The CBC is currently in the midst of releasing a three-part series about abuse in amateur sport in Canada. The series is highlighting the massive reform that is required across sporting systems to keep athletes safe.
According to their findings, “At least 222 coaches who were involved in amateur sports in Canada have been convicted of sexual offences in the past 20 years involving more than 600 victims under the age of 18.” Of those 222 coaches, eight are track and field coaches with five being convicted and one awaiting trial. Hockey has the highest number of charged and convicted coaches.
Their investigation has involved extensive research of court records, articles and courthouse visits across Canada. The CBC states that what’s emerged, “For the first time, is a detailed database of sexual offences committed by amateur athletic coaches in this country.” In the cases recorded, the accused was charged between 1998 and 2018.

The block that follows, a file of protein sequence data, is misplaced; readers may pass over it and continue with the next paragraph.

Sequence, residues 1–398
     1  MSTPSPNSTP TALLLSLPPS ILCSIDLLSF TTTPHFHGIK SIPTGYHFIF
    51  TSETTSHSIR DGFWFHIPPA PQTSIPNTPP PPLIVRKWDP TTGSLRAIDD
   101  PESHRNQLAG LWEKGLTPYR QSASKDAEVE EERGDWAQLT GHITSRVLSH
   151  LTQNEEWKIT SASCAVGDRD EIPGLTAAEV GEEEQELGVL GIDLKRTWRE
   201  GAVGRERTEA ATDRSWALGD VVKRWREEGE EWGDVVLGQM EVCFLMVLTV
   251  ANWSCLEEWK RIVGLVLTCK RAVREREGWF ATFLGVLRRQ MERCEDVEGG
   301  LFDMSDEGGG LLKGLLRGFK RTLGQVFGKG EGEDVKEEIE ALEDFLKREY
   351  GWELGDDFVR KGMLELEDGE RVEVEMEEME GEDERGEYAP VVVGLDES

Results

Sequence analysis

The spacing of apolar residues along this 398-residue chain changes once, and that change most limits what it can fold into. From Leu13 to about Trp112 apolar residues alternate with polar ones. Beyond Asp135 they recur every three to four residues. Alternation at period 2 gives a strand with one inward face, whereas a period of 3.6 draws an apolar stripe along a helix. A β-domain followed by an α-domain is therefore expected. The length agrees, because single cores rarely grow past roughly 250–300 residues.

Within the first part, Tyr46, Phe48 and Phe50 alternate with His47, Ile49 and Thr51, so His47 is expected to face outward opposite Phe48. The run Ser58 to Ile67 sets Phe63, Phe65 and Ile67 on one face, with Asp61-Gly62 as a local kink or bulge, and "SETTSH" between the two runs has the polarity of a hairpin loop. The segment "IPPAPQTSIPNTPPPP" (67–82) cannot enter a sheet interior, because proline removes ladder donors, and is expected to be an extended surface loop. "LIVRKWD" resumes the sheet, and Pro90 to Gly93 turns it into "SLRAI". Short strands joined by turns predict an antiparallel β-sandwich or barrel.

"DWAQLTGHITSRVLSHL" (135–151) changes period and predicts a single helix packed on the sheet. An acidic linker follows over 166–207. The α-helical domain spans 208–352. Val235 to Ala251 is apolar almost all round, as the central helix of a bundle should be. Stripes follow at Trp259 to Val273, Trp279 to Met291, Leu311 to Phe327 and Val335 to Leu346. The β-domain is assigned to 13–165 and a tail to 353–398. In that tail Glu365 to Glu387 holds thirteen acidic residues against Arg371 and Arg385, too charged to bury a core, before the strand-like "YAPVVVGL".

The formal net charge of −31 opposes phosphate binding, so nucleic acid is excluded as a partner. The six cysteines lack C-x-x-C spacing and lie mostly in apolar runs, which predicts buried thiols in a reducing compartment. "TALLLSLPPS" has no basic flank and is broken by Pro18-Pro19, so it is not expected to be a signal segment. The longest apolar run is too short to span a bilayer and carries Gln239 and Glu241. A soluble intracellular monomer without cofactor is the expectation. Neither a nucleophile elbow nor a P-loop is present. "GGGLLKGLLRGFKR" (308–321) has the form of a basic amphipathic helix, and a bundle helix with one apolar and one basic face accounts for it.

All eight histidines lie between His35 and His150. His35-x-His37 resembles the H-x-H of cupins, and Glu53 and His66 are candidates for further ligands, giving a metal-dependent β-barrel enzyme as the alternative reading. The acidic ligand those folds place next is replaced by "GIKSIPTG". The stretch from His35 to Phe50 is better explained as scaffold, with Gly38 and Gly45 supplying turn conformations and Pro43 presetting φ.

Athletics Canada is reportedly one of the only seven sporting organizations in Canada that publishes some form of list of coaches and volunteers who have been banned, charged, or convicted of a crime.
In a newsletter on Monday, Athletics Canada addressed these articles by the CBC and their own policies on the subject. Currently, the organization has a Commissioner’s Office to handle complaints, including those of harassment and abuse. “Our Governance Committee committed to develop a Conflict of Interest Policy and Terms of Reference for Independent Investigators to explore abuse and harassment complaints brought forward to the Commissioner’s Office. Athletics Canada will continue to work with the sport community to bring improvements to the entire Canadian system. We encourage all those connected with our sport, athletes, coaches, staff and volunteers to speak their mind on the issue.”
For more information on Athletics Canada’s policy or to file a complaint, see www.athletics.ca/safesport.